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a beginning by going unto God's altar with your sacrifice of praise and thanksgiving, and there dedicating yourself afresh to His service, and seeking new strength for a new life to His glory ? Surely this is the right beginning. Surely this is the right way to fall down on your face at His Feet, giving Him thanks. Surely, till you have done this, it is mere deceiving of yourself to talk of thankfulness. If you will not obey your Lord's dying request, I cannot see how you can be truly thankful to Him.

But this is only a beginning, and easy by comparison. Yes, the hard thing

is to persevere. I know it will be hard. Your present feelings will fade. Your present resolutions will slacken. Your old temptations will return. You will (alas, how easily !) drop back into the old ways, and settle into the old state. Nay, this must not be. By God's grace you must not let it be. By God's grace you must struggle on, not always successful, not always doing great things (there will be sure to come times of slackness and dimness), but never giving up trying, never letting sin take you captive again, never ceasing to fight, and never despairing of the victory; to which may God bring you at last, for His dear Son's sake. Amen.

II.

A FRESH START.*

I TRUST

you

have resolved that, if God restores you again to health, you will make a fresh start. We are all so apt to grow weary in well-doing, and to fall into an idle, dull, careless way of living in spiritual things, that it is a great thing for us when we are roused to make a fresh start. Now your

* Some of the thoughts in this Reading are taken from Faber's Posthumous Notes.

sickness has come to you to bid you make a fresh start. No; it would be truer to say God has come to you in this sickness to bid you make a fresh start.

Now, I can fancy you saying this—'I should like to make this fresh start, but I do not feel very hopeful about it.

The truth is, I have made so many fresh starts in my life, and one after another has so broken down and come to nothing, that I am almost in despair about it. I do not believe I shall succeed. I sometimes doubt whether it is any use trying again. In fact, I am such a poor, weak, wretched creature, that I shall never be good for anything.'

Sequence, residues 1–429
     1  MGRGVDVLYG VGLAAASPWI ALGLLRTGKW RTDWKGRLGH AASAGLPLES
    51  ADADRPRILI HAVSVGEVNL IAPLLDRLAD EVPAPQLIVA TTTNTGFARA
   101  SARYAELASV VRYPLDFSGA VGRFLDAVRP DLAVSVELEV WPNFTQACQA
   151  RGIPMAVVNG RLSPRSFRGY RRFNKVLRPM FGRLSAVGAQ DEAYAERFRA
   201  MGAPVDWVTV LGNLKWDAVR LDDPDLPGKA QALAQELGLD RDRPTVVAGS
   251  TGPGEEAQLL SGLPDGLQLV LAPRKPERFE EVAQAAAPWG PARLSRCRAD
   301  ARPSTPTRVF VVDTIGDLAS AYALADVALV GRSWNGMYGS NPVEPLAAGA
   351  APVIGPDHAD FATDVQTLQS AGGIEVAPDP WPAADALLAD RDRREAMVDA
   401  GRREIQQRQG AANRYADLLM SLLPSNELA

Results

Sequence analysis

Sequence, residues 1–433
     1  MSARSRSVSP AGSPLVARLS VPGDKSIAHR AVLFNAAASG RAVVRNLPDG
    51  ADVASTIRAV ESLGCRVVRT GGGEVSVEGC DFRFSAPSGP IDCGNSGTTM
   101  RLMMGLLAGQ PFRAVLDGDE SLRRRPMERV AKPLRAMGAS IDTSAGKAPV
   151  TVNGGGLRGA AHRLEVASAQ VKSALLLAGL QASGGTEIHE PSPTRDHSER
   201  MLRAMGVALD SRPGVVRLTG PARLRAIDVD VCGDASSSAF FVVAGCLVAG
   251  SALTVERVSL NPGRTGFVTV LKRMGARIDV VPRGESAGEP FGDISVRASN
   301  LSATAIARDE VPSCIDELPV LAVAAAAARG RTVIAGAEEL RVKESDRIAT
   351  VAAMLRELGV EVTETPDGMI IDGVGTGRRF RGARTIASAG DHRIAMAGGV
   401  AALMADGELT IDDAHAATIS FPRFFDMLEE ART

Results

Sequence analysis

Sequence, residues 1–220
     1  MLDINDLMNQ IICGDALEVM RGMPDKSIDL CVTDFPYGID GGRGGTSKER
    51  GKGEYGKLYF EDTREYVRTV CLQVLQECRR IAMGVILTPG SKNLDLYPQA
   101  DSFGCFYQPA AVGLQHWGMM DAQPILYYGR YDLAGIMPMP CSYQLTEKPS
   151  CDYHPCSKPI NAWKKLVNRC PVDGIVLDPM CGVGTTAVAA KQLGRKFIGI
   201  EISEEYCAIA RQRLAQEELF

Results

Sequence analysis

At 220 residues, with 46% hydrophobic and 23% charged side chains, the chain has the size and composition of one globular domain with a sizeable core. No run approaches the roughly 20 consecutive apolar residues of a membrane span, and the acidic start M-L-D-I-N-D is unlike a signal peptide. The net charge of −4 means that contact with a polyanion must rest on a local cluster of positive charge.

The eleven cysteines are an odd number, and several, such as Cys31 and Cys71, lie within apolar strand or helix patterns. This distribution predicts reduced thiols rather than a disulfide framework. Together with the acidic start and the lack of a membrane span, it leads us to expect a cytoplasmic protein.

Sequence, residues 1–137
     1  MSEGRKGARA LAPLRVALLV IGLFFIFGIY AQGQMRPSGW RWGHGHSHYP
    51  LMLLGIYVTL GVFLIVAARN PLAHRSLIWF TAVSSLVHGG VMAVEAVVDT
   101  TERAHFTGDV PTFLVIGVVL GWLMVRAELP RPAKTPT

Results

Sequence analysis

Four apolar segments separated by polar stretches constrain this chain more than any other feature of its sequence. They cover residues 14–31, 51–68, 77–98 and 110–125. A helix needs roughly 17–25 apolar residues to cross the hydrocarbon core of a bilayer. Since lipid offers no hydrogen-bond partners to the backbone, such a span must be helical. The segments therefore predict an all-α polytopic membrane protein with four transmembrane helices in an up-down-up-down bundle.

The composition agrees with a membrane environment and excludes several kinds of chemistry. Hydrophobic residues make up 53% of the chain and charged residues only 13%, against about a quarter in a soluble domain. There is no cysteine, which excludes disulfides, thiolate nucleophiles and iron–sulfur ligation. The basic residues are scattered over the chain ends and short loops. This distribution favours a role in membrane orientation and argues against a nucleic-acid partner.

Well, I have got a good deal to say about all this.

1. In the first place, I have no doubt it is in the main true. I quite allow that your experience in the past is not very encouraging; and I think it very probable that you are right in fancying any other fresh starts you may

make are likely enough to fail. In one thing I am sure you are right-namely, in saying that you will never be good for anything. Yet I want you to try again. You see God has taught you something by your failures. You have learnt your own weakness and nothingness, and that is a good and wholesome lesson to have learnt. It will make

you more humble.

2. Why have you been so disappointed at your failures ? Has it been because you wanted so much to serve God, and could not? Or was it because it was so mortifying and unpleasant to

find how weak and sinful you were ? Are you sure there has not been a little pride mixed up with it? It would have been so much pleasanter to find yourself strong, and able to do as you resolved. And so you dread trying again, because you do not like failing. To the humble each failure is the spring of new endeavour. Pride says, 'If this is all I can do, it is not worth the trouble.' Humility says, “I see what a poor, helpless creature I am ; I must strive harder, and lean more on a better strength than my own.